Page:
In its 2022 Sustainability Report, published in August 2022, Nissan stated its support for the electrification of road transport. In its 2021 CDP response, the company detailed how it has engaged with EU policymakers to support policies such as EV purchase incentives and the expansion of EV charging infrastructure. It has also expressed support for policies to promote EVs in the US, as indicated in a September 2021 consultation response.

On the Japan Climate Initiative website in June 2022, Nissan advocated for the need for stringent policy intervention to ensure the ramp up of renewables in the energy mix.

Industry Association Governance: Nissan does not appear to provide a disclosure of its trade association memberships on its website, nor through its 2021 CDP disclosure. The company has not completed an audit of its trade association memberships. Nissan is a member of several obstructive trade associations including the Japanese Automobile Manufacturers Association, where Nissan CEO, Uchida Makoto, is a vice chairman, Japan Business Federation (Keidanren), Society of Indian Automobile Manufacturers (SIAM) and US-based Alliance for Automotive Innovation.

InfluenceMap collects and assesses evidence of corporate climate policy engagement on a weekly basis, depending on the availability of information from each specific data source (for more information see our methodology). While this analysis flows through to the company’s scores each week, the summary above is updated periodically. This summary was last updated in Q3 2022.

QUERIES
DATA SOURCES
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12NS010NA
0NSNSNS1-1NA
02NSNS10NA
-1NA-1NANANANA
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NS0NS0-1-1NA
NS22NS2NSNA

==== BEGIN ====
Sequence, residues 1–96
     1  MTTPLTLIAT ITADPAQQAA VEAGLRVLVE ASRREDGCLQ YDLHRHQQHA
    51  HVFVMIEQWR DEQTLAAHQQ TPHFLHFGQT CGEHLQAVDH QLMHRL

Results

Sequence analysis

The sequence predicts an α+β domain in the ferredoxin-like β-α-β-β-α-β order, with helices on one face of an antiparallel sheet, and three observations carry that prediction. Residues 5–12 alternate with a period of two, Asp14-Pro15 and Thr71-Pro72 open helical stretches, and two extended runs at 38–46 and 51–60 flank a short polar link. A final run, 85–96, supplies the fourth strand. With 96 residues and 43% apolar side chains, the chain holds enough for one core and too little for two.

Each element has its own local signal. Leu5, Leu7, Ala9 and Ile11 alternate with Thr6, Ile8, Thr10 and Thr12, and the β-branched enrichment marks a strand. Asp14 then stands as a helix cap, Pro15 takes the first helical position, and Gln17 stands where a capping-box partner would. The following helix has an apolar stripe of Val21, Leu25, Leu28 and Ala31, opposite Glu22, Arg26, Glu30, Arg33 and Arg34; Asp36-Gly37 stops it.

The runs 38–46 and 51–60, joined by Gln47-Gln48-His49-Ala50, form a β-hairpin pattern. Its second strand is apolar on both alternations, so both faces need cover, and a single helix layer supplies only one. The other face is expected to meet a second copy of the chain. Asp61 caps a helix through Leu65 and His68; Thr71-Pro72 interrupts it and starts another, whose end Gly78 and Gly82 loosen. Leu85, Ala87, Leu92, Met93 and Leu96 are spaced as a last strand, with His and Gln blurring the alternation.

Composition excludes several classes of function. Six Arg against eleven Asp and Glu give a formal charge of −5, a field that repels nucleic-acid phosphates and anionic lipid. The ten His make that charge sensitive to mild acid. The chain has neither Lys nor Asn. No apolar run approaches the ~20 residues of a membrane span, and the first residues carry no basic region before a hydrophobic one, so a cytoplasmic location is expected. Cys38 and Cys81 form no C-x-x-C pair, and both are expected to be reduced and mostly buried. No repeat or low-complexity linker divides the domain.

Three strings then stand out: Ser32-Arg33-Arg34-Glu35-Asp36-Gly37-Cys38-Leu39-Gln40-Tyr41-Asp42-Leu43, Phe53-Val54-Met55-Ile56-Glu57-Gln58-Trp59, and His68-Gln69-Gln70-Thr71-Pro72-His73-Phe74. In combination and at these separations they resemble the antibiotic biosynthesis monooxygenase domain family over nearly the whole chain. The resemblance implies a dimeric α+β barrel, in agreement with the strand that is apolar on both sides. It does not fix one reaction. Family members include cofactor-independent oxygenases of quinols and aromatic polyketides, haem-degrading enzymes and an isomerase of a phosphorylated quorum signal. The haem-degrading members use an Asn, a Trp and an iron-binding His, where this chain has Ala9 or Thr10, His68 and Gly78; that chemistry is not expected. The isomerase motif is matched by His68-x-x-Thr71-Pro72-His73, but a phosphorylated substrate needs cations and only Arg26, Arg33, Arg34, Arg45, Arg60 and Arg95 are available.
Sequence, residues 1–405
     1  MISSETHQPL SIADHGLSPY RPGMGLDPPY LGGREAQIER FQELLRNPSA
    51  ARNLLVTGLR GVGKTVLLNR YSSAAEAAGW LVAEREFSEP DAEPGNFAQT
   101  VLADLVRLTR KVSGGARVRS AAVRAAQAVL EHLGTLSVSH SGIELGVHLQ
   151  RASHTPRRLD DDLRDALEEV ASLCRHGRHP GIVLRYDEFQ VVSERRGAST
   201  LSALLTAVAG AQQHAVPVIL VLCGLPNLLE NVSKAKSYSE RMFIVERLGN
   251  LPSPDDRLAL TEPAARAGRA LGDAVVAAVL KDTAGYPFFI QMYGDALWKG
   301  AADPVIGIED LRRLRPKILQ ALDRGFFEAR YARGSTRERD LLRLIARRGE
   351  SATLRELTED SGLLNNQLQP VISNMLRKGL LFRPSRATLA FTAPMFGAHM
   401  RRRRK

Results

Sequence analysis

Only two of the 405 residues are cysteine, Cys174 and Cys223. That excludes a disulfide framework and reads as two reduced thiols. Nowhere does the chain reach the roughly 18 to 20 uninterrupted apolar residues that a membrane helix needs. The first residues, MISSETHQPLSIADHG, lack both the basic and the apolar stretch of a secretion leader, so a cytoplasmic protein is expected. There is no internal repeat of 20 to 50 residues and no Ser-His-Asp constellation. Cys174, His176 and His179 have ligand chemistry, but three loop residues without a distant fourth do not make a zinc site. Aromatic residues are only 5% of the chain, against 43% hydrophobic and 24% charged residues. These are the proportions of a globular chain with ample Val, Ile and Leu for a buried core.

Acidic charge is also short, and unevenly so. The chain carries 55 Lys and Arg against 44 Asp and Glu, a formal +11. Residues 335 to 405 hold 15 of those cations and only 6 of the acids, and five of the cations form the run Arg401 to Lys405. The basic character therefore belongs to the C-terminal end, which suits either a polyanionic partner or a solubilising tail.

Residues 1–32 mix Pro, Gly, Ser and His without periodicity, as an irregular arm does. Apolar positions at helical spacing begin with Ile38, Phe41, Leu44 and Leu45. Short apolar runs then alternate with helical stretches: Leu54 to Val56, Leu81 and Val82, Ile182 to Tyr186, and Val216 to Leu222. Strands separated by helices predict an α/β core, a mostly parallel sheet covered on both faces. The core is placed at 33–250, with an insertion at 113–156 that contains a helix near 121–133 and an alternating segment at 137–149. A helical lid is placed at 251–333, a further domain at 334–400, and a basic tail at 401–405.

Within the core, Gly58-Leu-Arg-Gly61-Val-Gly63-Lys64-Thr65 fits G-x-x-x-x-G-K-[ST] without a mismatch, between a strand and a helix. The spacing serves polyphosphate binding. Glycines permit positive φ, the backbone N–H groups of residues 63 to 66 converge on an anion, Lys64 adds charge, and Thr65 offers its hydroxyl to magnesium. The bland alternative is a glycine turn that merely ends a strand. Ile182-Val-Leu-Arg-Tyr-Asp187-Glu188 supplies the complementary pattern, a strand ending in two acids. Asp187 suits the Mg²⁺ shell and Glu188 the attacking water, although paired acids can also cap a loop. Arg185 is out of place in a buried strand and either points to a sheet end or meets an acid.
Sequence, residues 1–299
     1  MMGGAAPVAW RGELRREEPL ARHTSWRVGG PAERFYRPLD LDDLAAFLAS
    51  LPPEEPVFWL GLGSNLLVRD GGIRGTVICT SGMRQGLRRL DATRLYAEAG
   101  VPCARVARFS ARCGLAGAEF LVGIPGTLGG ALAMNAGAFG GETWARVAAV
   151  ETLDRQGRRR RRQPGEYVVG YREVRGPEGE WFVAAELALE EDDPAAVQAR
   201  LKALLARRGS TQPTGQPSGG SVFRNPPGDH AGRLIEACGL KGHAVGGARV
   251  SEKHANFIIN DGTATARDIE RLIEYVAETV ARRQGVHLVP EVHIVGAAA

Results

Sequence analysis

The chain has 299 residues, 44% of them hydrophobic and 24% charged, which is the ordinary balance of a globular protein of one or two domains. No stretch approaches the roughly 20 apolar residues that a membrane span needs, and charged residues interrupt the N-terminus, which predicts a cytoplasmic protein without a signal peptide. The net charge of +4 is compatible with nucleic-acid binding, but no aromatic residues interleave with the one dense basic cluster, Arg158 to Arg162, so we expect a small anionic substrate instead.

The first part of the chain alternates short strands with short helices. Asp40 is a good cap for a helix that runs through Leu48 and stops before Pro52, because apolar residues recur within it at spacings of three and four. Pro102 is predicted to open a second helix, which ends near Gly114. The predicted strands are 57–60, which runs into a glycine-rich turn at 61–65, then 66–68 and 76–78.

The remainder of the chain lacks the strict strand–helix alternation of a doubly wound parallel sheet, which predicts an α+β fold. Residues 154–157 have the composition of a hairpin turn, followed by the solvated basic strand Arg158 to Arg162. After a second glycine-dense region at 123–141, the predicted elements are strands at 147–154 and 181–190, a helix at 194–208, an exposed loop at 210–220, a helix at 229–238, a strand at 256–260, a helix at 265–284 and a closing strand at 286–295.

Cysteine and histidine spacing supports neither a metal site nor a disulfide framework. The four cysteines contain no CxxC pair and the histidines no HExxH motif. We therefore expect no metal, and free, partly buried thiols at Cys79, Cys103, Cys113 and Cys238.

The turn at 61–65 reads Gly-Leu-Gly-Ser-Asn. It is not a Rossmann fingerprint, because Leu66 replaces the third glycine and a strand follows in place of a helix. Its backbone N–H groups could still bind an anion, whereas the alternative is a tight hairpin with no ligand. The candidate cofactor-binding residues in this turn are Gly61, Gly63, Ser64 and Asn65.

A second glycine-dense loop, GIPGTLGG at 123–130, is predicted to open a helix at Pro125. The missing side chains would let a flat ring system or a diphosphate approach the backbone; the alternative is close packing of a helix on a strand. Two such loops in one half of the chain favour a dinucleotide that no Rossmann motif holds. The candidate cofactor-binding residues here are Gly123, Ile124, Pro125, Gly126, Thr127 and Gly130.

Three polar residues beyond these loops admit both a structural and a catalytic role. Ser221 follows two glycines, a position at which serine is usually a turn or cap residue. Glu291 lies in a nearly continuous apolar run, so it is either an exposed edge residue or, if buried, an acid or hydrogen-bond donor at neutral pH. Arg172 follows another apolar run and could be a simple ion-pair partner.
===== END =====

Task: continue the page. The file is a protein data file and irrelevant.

121011NA
01NS-100NA
0NS-2NANANANA
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Strength of Relationship
STRONG
 
 
 
 
 
 
 
WEAK
 
48%
 
48%
 
69%
 
69%
 
32%
 
32%
 
36%
 
36%
 
54%
 
54%
 
49%
 
49%
 
71%
 
71%
 
74%
 
74%
 
54%
 
54%
 
35%
 
35%
 
52%
 
52%
 
87%
 
87%

How to Read our Relationship Score Map

In this section, we depict graphically the relationships the corporation has with trade associations, federations, advocacy groups and other third parties who may be acting on their behalf to influence climate change policy. Each of the columns above represents one relationship the corporation appears to have with such a third party. In these columns, the top, dark section represents the strength of the relationship the corporation has with the influencer. For example if a corporation's senior executive also held a key role in the trade association, we would deem this to be a strong relationship and it would be on the far left of the chart above, with the weaker ones to the right. Click on these grey shaded upper sections for details of these relationships. The middle section contains a link to the organization score details of the influencer concerned, so you can see the details of its climate change policy influence. Click on the middle sections for for details of the trade associations. The lower section contains the organization score of that influencer, the lower the more negatively it is influencing climate policy.